The UK cannot meet its future transport needs without the high-speed rail line, according to new evidence published by the government today (29 October)
Research carried out by Atkins and Network Rail suggests that alternatives to HS2 would result in up to 14 years of weekend closures on existing lines.
A simple programme of track upgrades, it is claimed, would take as long as the £42.6 billion high speed line to construct, would cost more than £20 billion and would require lines to be closed for 2,500 weekends for construction work to be carried out.
Secretary of state for transport Patrick McLoughlin said: ‘HS2 emerges as the only option that provides not only the capacity and the connectivity this country needs, but is also deliverable, minimises disruption to existing rail services and allows us to leap ahead of demand and reshape the economic geography of the country.’
He added: ‘Good quality transport is at the heart of our economic success and the decisions we take now about transport investment will determine our country’s economic future.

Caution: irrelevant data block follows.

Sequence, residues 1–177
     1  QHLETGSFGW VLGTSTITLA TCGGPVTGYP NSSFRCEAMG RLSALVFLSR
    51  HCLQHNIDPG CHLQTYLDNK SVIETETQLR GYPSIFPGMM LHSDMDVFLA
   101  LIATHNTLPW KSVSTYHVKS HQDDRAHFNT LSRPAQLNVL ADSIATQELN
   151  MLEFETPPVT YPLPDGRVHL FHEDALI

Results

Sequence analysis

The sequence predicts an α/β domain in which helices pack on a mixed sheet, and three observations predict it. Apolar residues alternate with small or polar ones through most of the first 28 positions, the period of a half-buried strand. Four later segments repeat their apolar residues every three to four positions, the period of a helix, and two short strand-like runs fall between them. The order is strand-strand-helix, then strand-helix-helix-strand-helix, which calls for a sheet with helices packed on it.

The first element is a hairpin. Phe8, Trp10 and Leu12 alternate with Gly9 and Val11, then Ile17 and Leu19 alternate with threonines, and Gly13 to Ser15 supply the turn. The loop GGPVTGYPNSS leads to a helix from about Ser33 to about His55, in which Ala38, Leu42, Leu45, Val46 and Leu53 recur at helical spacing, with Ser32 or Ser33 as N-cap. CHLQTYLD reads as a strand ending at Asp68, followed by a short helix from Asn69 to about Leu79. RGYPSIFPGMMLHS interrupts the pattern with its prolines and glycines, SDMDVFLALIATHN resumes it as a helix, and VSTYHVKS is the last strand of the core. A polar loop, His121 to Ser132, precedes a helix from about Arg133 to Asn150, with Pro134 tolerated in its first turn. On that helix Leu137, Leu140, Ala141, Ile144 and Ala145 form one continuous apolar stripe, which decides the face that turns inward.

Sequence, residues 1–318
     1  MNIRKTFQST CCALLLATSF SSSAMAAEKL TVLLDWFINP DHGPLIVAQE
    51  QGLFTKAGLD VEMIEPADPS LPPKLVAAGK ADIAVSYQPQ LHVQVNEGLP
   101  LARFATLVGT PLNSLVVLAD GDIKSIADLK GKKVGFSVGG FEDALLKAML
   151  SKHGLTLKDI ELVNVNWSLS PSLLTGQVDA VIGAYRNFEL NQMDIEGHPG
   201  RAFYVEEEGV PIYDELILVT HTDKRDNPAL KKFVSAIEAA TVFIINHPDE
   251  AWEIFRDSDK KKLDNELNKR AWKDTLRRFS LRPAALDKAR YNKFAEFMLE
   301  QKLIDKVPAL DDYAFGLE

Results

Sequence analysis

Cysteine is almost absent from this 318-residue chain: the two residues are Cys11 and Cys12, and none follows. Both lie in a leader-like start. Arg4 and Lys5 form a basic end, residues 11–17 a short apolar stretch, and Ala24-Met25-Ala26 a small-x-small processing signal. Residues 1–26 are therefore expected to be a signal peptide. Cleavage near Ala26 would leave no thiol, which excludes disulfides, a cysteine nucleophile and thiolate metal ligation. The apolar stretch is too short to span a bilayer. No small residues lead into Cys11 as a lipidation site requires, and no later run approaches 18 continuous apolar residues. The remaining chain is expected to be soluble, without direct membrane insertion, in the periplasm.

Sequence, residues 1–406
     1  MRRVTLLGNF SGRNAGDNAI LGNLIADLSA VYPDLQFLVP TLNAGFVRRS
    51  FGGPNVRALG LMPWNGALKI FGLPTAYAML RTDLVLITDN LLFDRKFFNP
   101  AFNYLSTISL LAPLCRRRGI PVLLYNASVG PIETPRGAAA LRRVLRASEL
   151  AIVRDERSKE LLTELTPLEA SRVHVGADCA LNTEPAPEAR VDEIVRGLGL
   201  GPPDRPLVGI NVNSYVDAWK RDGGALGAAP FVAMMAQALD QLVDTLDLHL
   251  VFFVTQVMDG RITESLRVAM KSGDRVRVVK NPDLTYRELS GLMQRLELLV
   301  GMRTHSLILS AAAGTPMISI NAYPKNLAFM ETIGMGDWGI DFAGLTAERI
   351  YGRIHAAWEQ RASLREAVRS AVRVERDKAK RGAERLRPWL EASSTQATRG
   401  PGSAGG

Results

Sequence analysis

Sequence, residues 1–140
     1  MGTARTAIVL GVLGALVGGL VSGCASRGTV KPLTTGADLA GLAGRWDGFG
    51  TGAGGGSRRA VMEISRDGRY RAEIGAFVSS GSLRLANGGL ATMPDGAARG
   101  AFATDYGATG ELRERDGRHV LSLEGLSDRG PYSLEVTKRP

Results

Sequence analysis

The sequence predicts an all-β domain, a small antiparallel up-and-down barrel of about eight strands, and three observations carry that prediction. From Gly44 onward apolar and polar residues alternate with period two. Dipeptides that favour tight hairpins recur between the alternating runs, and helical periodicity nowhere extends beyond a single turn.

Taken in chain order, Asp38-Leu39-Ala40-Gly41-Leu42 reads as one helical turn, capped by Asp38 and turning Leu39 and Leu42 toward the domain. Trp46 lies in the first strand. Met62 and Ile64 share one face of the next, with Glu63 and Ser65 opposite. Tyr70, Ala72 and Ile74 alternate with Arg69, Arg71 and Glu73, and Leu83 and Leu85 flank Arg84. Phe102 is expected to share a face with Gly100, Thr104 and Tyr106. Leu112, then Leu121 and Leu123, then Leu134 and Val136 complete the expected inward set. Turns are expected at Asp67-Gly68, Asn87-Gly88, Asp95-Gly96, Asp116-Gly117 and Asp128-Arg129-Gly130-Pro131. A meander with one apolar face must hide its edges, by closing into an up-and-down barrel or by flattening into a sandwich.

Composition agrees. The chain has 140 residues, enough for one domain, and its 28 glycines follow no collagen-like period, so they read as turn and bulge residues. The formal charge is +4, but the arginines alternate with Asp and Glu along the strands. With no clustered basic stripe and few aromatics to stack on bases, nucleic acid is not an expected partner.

Decisions we take now about transport investment will determine our country’s economic future
‘The case for the new line rests on the step change in capacity and connectivity it will provide.
‘The new north-south railway is a long term solution to a long term problem. Without HS2, the West Coast, East Coast and Midland Main Lines are likely to be overwhelmed. With it, we will transform intercity travel. There will also be benefits for regional and commuter services. It will increase the amount of freight that can be carried by rail.’
There has been significant debate about the economic benefit of HS2, but the government has predicted that the overall benefits to the economy from the line could total more than £53 billion.
UK rail sector director at WSP, Dave Darnell commented: ‘The commotion we saw yesterday is a poignant reminder of just how fragile our congested rail network is and how heavily we rely on it. HS2 will give us more capacity not only for extra journeys but also flexibility to strengthen this vital asset without widespread disruption.
‘If the alternative, many years of delays and cancellations for much less benefit, is an option we’re prepared to take, we may have to get used to this level of chaos more often - especially as extreme weather is expected to become more frequent.’